Vehicles that are driven spirited or on the track, subject to sustained high oil temperatures or RPMs should have their oil changed more frequently or in the case of cars used at the track, the oil should be changed after every event (or every other event). Likewise, vehicles subjected to very short drives or sustained operation in heavy traffic should indeed be serviced more often. Vehicles not driven often but driven hard a few times a year can probably go a year between oil changes as long as the oil is changed before the car is put away for winter for storage. Regular used oil analysis is the best way to determine ideal drain intervals for your driving habits - one good rule of thumb I have seen quoted is to change the oil with the TBN (total base number) is reduced by 50% of the original total (requiring you to also know your oil's virgin TBN). Another common recommendation is to change the oil once it's TAN (total acid number) equals the TBN. Other factors to consider are fuel dilution and shearing out of grade when determining your drain interval. With this knowledge in hand, using a quality motor oil with proper filtration and regular service is the best thing to do for your engine and to protect your investment.
Any information you may receive related to this web site is provided merely as friendly suggestions, not as expert opinion, testimony or advice. Neither LN Engineering nor Charles Navarro endorses or sponsors any information, products or methodologies you may find herein. - Sorry for the legal mumbo-jumbo!
Frequently Asked Questions about Motor Oils
Do some oils make more horsepower than others?
Aircooled Technology and LN Engineering together just recently completed in January 2008 comparative oil testing of various non-synthetic, semi-synthetic, and full-synthetic oils with some very interesting results, which can be reviewed in our white paper titled "Evaluation of motor oils and their effects on engine output and efficiency."
ZDDP forms AW films only when there is metal to metal contact, so why do I hear that it is so important when there shouldn't be metal to metal contact in the first place?
This isn't 100% true. Yes, there has to be metal to metal contact (friction) to form anti-wear films. What most naysayers don't explain is that there are different kinds of lubrication - boundary and hydrodynamic are just two. Boundary layer lubrication exists where there is always metal to metal contact, like with the top piston ring, cam lobe, tappets, and rockers which makes up most of the non-corrosive wear. Hydrodynamic lubrication exists in areas like bearings, where in the best case scenario, there should never be any metal to bearing contact. The thickness and speed of formation of AW wear films on metal to metal surfaces has to do greatly with ZDDP levels, which detergents are used, and amount of pressure and friction between the surfaces in contact.
What oil should I be using to break in a new engine?
Ideally you want an oil with low or no detergency, no friction modifiers, be non-synthetic, and high levels of Zn and P, to make it as easy as possible for AW wear films to form on engine parts during this critical process.
Brad-Penn offers a SAE 30 break in oil with .14% Zn and P already in the motor oil which requires no additional additives to protect your vital engine parts during the break-in procedure, especially the cam and valve-train. We recommend running a break-in specific oil for the first 100-200 miles, with a change of oil immediately after initial cam break-in, and again at the 100-200 mile mark. If using this oil while breaking in your engine on a dyno, make sure to observe your oil temperatures and try not to exceed 210F to maintain optimal film strength with the viscosity of oil being used.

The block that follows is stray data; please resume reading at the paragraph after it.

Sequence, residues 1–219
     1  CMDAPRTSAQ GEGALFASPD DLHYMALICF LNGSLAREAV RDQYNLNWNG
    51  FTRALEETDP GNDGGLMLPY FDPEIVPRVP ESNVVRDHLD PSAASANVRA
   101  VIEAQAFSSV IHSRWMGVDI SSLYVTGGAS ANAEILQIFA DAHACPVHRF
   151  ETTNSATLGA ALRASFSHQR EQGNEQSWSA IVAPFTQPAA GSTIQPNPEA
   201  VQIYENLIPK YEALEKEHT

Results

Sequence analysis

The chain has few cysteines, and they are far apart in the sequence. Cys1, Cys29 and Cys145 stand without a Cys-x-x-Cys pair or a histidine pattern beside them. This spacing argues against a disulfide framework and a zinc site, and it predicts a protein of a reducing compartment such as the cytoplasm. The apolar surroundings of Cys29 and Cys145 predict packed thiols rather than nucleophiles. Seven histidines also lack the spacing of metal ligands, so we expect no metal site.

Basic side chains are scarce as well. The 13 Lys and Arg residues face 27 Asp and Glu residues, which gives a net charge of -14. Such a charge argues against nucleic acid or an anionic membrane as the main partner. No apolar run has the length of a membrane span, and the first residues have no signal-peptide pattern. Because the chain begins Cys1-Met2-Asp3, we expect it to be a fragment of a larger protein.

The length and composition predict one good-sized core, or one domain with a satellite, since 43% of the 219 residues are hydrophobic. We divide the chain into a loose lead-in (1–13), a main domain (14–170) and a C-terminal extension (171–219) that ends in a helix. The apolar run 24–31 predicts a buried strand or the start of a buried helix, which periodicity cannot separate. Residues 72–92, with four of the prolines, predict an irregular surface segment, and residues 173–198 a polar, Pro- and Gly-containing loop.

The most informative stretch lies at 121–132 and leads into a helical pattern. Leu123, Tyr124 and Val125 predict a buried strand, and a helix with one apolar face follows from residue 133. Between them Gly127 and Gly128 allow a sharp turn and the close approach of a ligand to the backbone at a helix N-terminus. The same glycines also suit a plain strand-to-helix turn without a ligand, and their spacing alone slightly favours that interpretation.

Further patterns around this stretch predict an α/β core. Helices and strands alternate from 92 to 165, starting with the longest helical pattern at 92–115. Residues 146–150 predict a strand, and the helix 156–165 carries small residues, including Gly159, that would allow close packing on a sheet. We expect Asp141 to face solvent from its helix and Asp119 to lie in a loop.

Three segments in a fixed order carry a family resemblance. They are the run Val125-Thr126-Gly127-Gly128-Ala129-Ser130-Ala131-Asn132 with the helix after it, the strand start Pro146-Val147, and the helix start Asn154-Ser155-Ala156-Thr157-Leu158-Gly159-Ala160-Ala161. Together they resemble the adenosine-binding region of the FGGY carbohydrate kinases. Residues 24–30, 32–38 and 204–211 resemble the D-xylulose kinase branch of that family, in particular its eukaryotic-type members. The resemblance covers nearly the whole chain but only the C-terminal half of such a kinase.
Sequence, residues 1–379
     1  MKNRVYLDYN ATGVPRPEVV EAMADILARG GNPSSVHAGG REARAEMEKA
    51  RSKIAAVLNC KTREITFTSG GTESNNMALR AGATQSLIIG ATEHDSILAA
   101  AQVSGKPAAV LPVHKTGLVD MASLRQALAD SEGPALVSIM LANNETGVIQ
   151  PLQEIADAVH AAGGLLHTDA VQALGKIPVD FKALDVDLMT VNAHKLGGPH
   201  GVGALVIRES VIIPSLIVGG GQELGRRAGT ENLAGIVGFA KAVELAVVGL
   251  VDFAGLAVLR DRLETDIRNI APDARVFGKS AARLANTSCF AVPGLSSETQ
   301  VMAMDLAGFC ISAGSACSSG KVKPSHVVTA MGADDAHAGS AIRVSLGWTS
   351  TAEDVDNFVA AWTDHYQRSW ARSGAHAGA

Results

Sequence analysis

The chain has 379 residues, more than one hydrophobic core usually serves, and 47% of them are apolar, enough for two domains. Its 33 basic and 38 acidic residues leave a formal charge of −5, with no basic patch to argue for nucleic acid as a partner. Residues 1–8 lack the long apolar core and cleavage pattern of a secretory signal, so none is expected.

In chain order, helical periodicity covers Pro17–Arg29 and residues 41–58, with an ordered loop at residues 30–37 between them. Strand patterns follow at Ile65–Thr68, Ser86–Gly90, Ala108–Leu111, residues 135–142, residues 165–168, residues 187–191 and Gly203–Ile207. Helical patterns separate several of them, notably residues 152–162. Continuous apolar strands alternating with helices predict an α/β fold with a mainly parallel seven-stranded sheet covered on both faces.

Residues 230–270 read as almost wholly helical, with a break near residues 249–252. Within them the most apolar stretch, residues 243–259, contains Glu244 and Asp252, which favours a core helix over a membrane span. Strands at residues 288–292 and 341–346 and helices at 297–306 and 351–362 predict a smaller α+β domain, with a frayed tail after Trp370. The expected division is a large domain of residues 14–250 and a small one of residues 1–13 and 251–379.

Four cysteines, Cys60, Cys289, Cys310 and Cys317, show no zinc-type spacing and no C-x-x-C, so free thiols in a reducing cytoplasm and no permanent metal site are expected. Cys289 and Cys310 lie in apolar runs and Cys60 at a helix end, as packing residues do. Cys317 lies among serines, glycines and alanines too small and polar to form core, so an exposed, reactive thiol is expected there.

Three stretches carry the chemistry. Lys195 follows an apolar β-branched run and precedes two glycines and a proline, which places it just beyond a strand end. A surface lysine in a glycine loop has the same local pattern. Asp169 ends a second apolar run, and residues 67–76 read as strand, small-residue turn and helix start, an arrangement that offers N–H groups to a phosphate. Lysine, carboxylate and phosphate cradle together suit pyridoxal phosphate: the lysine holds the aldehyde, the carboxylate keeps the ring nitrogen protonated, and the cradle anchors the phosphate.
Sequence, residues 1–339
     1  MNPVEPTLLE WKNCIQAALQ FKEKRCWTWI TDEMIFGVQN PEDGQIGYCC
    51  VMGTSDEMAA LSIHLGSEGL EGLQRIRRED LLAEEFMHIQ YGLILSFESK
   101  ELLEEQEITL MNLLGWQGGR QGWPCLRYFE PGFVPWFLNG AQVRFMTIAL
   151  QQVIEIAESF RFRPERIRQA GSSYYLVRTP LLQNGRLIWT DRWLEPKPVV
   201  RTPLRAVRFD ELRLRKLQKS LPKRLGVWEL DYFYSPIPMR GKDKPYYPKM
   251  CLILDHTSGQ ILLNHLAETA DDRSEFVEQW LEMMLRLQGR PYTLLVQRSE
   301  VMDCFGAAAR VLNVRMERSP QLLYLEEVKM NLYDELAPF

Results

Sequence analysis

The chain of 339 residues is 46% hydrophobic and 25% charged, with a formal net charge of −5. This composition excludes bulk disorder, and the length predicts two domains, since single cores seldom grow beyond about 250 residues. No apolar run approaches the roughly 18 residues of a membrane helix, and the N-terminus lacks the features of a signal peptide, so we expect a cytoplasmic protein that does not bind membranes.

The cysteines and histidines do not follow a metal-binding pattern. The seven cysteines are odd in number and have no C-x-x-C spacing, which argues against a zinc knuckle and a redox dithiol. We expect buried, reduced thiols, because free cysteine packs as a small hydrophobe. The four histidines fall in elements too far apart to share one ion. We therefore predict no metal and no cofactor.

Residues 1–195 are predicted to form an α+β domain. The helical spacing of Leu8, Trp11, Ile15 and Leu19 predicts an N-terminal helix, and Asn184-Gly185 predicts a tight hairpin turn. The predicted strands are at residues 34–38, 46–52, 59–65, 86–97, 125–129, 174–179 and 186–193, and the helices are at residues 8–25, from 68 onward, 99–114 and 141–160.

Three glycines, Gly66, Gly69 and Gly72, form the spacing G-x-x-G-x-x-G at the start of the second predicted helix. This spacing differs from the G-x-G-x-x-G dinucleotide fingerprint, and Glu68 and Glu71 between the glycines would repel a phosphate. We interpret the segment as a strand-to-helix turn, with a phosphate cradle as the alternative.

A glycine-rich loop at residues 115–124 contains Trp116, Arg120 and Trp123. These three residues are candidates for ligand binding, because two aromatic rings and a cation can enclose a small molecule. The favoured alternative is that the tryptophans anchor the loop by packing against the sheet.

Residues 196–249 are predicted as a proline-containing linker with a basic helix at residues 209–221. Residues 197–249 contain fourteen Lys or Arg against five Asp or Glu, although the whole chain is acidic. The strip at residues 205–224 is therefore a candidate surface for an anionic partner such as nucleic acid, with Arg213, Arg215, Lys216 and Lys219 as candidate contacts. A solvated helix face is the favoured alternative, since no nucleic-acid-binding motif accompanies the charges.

Alternatively, Joe Gibbs Racing and CMW Oil both offer specialty break-in oils similar to Brad Penn's Racing 1 Break-in oil. In the UK, Millers Oils offers a line of Classic motor oils including "running-in" oil and classic multi-grade oils for older engines needing additional protection. There are countless other oils that should be satisfactory as long as you follow the above criteria for choosing a break-in oil.
Can I use a diesel oil like Rotella to break in my engine?
Many cam manufacturers have recommended Rotella T in the past for cam break in. Remember, this was the CI-4 Rotella T some manufacturers were recommending, not the new CJ-4 Rotella. Be advised that we do not recommend the continued use of the new CJ-4 Rotella T for cam break-in or any other CJ-4 oil for this purpose. Additionally in support of this position, magazines such as Fleet Equipment, in one such article "Focusing on Oil," stated that CJ-4 oils should only be used in 2007 and later diesel engines and that earlier diesel or mixed fleet engines should remain on CI-4 oils.
How should I break in my engine if I don't have access to a dyno to properly break in my rebuilt engine?
Although not directly related to oils, I get asked this question very often. If you have questions on how you should break in an engine and proper break in procedure, we recommend reading the following articles about the subject:
Which motor oil do I (Charles Navarro) use?
Although there are many excellent motor oils out there, considering the wide array of oils I have access to, I currently am using Brad Penn 20w50 API SJ for the summer and winter months in my aircooled Porsche since it never sees sub-freezing starts. The Brad Penn Penn Grade 1 Racing oil is the same "green" oil everyone was familiar with back when Kendall GT was the best motor oil money can buy, as both the original and this newer product both come from the same facility using genuine Pennsylvania crude. These oils are proven to protect cams, rockers, lifters, and all valve train components as well as provide superior rod bearing life because of their very high HTHS viscosities AND low levels of individual detergents to net a high level of detergency with the use of Ca, Mg, and Na synergistically. Just ask anyone about the "green" Kendall oil from decades past and you'll know why we like it so much. Likewise for winter service, we run Brad Penn a 50/50 blend of Brad Penn 0w30 and 20w40, which yields 10w40 API SJ with slightly higher synthetic % than the off the shelf 10w40 product by Brad Penn.